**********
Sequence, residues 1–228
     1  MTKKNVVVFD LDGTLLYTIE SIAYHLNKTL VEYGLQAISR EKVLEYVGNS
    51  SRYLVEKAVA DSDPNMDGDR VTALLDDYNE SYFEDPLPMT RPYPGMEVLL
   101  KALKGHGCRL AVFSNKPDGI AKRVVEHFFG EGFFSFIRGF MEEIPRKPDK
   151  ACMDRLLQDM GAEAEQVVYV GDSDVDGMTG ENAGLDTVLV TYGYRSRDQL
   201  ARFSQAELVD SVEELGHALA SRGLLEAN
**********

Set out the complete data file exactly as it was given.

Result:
Sequence, residues 1–228
     1  MTKKNVVVFD LDGTLLYTIE SIAYHLNKTL VEYGLQAISR EKVLEYVGNS
    51  SRYLVEKAVA DSDPNMDGDR VTALLDDYNE SYFEDPLPMT RPYPGMEVLL
   101  KALKGHGCRL AVFSNKPDGI AKRVVEHFFG EGFFSFIRGF MEEIPRKPDK
   151  ACMDRLLQDM GAEAEQVVYV GDSDVDGMTG ENAGLDTVLV TYGYRSRDQL
   201  ARFSQAELVD SVEELGHALA SRGLLEAN